Latin American banks dominate the rankings for deposits with the central bank, providing large liquidity cushions in their countries if needed.

Top 10 central bank depositors, end-2010

Half of the 10 countries with the highest proportion of central bank deposits, according to The Banker's data, are in Latin America, suggesting very conservative liquidity management in the region.

Commercial banks’ deposits with the central bank are traditionally measured against customer deposits held by the commercial banks themselves. This gives an indication of how much surplus cash commercial banks have with which to meet the withdrawal of funding in the event of a liquidity squeeze.

Central bank deposits are often poorly remunerated, and where possible banks would prefer to hold other forms of cash-like assets, including government bonds. However, some of the markets where central bank deposits are highest, such as Jordan and Angola, do not have developed treasury markets. Some of these countries also represent banking markets at an early stage of development, where reliable lending opportunities are scarce, which would also encourage banks to hold large sums in the central bank.

The major Latin American economies such as Brazil and Peru, however, are more developed. But they are also tightly regulated, with high reserve requirement ratios (RRRs). This means that commercial banks are forced to hold deposits at the central bank equivalent to a certain proportion of their own deposit liabilities, which explains the substantial liquidity that banks in these countries are holding. In Peru, as of December 2010, banks were required to hold reserves at the central bank equivalent to as much as 25% of local currency deposits, and 55% of foreign currency deposits. In Brazil, RRRs are up to 43%.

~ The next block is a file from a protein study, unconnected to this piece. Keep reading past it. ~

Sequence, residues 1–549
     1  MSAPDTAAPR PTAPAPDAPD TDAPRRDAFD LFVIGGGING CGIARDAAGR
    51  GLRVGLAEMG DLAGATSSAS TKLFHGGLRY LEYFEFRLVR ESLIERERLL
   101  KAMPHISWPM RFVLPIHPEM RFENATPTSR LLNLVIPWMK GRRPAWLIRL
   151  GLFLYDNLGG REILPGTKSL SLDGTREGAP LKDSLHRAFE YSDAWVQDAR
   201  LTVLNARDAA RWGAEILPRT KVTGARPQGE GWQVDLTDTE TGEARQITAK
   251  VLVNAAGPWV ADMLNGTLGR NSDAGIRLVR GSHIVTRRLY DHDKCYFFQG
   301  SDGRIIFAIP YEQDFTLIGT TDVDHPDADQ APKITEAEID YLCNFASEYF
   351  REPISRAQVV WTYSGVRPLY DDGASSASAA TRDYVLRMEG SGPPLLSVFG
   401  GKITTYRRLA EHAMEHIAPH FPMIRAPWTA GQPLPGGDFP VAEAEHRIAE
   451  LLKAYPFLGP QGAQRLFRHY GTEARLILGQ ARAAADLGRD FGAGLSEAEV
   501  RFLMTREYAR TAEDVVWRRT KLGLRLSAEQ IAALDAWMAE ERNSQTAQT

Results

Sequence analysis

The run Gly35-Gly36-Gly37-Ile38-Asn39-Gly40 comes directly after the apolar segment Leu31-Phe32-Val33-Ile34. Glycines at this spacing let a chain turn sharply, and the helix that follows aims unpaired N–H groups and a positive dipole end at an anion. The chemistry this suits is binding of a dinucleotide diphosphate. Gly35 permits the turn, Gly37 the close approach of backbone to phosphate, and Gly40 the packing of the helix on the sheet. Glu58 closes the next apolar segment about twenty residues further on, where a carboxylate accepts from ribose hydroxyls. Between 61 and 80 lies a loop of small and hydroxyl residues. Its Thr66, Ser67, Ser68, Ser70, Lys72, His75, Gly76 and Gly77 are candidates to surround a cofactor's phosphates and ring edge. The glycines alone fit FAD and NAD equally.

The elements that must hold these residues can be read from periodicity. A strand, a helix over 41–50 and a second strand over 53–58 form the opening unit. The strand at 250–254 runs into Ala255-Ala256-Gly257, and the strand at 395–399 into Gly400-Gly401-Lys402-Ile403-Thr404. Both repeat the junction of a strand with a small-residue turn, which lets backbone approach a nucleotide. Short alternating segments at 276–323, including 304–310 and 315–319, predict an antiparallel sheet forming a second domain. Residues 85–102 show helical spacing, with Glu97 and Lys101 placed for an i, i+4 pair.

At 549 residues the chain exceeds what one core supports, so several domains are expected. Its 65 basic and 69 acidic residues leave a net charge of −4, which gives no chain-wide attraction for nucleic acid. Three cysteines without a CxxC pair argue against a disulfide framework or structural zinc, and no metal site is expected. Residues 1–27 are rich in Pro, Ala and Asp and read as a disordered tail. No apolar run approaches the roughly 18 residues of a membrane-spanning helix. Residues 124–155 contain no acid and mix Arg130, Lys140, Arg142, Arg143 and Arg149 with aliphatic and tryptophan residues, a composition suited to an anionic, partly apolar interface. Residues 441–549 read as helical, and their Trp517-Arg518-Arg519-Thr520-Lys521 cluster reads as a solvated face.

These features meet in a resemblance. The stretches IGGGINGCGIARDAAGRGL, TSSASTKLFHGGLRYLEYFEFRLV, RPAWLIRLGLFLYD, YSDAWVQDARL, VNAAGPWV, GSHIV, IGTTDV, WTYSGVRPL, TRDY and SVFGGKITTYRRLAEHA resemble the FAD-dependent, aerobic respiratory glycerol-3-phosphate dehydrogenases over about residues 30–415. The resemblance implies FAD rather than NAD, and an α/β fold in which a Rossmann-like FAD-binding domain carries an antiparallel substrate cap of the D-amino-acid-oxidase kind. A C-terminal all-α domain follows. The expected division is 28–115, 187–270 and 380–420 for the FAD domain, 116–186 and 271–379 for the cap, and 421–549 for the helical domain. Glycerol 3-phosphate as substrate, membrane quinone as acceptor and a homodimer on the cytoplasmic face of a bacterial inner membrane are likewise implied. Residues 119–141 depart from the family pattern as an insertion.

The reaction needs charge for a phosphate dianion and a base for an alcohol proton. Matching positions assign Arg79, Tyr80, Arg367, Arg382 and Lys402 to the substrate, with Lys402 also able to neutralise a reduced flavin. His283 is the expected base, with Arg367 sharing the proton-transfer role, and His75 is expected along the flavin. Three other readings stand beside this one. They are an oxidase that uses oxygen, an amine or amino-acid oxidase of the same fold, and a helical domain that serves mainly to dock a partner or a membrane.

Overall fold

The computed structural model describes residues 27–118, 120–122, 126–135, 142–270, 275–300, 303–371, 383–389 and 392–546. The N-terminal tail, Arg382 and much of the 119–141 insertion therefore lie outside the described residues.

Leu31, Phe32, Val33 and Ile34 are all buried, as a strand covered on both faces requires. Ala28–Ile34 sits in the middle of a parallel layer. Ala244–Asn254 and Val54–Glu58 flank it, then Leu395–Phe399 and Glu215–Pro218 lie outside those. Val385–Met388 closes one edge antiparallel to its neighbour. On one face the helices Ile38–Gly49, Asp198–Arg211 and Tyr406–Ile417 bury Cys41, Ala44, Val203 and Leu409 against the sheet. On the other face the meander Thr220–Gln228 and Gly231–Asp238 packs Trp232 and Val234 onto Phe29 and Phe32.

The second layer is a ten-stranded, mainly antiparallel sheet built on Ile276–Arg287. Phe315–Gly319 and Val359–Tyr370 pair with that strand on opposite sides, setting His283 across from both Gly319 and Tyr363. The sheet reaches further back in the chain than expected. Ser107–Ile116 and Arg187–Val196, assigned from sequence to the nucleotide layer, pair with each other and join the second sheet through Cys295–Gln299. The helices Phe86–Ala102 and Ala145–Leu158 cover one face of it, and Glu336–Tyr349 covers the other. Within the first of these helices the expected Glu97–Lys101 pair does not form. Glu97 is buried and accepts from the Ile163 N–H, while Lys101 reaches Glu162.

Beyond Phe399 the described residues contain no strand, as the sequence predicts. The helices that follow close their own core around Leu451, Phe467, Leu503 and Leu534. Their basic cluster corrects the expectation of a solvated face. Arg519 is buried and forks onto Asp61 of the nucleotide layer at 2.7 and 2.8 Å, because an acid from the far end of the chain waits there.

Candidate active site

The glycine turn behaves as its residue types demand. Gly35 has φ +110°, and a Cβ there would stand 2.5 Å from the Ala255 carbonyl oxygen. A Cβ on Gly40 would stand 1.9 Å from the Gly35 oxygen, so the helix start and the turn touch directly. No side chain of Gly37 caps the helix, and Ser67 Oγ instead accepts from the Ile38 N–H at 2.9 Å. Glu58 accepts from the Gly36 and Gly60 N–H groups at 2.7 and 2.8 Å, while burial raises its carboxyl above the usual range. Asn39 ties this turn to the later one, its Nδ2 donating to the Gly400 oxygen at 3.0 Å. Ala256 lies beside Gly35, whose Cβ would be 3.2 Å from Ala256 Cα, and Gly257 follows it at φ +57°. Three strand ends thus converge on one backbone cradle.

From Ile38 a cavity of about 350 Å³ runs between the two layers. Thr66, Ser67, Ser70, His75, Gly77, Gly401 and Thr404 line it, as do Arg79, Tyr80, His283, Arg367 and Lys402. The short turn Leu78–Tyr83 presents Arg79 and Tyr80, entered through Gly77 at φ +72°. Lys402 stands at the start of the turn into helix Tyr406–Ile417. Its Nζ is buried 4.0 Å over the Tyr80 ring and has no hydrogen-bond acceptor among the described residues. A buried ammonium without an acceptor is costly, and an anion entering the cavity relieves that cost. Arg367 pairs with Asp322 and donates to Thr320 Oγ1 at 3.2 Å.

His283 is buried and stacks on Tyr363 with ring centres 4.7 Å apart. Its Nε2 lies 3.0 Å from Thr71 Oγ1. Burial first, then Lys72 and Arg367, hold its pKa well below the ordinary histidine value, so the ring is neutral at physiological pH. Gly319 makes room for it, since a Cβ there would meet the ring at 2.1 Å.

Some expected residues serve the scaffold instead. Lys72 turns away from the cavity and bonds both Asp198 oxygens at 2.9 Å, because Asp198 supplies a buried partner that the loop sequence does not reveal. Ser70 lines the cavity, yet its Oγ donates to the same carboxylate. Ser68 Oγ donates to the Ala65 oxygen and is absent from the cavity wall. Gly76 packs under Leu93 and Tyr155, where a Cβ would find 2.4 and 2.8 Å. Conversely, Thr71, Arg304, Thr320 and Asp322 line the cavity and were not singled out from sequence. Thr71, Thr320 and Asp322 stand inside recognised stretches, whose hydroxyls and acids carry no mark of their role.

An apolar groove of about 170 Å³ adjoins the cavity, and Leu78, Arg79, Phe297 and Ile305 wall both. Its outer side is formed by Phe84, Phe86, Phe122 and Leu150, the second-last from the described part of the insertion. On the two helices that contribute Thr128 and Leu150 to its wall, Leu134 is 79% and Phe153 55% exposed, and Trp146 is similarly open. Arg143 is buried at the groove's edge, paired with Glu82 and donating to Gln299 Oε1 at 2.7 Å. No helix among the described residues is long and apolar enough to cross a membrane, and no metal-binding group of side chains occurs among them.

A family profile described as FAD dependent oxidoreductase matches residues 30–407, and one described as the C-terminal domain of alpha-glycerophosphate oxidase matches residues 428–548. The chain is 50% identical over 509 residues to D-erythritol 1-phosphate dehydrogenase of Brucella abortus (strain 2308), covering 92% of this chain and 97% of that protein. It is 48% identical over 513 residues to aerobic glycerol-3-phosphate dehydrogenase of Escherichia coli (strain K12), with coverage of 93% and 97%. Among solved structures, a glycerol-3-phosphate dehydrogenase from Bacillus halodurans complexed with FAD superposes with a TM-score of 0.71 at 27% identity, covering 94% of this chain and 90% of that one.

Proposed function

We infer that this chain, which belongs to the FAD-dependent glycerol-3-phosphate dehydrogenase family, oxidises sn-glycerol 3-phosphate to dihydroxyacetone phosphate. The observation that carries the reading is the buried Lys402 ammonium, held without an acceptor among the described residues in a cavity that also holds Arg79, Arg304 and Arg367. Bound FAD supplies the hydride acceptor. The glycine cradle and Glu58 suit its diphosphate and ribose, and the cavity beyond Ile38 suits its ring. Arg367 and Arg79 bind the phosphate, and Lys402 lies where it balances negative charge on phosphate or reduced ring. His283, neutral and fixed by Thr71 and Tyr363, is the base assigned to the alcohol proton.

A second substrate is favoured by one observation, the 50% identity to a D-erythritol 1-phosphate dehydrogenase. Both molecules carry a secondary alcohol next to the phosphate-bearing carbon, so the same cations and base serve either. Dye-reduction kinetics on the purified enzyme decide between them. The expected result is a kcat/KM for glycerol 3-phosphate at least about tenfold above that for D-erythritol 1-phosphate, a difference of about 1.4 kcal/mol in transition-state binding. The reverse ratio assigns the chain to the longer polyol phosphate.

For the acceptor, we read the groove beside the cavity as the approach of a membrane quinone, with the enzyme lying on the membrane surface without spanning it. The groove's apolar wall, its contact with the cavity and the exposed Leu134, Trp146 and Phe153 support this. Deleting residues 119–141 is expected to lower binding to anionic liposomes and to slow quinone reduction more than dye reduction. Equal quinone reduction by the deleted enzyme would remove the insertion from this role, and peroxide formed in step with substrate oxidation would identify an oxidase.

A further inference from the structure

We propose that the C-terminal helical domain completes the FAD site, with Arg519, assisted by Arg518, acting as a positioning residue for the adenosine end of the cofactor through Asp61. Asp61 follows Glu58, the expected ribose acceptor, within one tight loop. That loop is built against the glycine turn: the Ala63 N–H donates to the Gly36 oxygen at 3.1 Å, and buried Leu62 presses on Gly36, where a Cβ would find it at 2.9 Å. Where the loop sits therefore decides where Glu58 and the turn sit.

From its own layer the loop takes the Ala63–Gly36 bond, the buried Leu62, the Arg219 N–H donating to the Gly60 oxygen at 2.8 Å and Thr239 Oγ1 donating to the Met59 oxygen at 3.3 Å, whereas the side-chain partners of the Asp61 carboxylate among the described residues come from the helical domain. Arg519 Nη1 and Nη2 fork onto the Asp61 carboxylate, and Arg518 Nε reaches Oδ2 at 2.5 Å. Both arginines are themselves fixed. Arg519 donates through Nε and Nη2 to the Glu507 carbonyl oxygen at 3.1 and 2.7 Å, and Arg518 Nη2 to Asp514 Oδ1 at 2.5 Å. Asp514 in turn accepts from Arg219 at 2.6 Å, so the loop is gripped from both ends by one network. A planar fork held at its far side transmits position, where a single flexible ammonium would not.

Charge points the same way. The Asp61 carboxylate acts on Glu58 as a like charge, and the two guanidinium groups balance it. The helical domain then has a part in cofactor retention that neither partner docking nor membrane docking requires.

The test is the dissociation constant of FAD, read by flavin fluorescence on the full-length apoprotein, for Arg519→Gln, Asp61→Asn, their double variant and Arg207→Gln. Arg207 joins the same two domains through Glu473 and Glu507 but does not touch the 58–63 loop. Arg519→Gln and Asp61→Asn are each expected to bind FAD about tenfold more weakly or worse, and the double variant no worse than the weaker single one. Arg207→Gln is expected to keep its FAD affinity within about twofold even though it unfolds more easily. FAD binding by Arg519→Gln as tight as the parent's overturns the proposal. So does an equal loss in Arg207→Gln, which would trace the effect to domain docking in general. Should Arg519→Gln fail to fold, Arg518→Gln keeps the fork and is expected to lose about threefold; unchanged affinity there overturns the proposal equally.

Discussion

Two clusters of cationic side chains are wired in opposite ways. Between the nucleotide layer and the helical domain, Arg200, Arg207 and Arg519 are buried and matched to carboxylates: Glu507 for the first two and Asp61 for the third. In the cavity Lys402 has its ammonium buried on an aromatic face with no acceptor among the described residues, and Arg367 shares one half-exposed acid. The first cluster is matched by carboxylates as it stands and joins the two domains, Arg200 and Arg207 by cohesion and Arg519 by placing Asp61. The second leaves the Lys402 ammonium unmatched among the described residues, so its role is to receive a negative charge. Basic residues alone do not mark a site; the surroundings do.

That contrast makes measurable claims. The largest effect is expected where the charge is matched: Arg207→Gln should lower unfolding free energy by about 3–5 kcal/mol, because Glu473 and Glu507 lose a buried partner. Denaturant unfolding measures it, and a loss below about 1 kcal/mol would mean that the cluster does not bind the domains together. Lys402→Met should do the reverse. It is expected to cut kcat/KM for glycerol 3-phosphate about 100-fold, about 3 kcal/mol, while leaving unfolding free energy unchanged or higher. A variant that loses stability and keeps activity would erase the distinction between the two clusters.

At the other end of the scale, the Eurosystem requirements range from 0% for time deposits of more than two years, to 2% on overnight deposits – which was cut to 1% in January 2012. Western European countries, and especially those in the eurozone, dominate the list of lowest central bank deposit ratios. This is unsurprising, given the large range of liquid assets available in developed markets.

However, during 2011 many eurozone banks will have cut holdings of peripheral sovereign debt as ratings were downgraded. And bank deposits at the European Central Bank (ECB) started rising, as the most liquid banks preferred to park their funds at the ECB earning just 1%, rather than risk lending to other eurozone banks whose exposure to the periphery is uncertain. Consequently, the ratio of central bank deposits to customer deposits may show a significant increase when the 2011 data is available in the coming months.

Lowest 10 central bank depositors, end-2010


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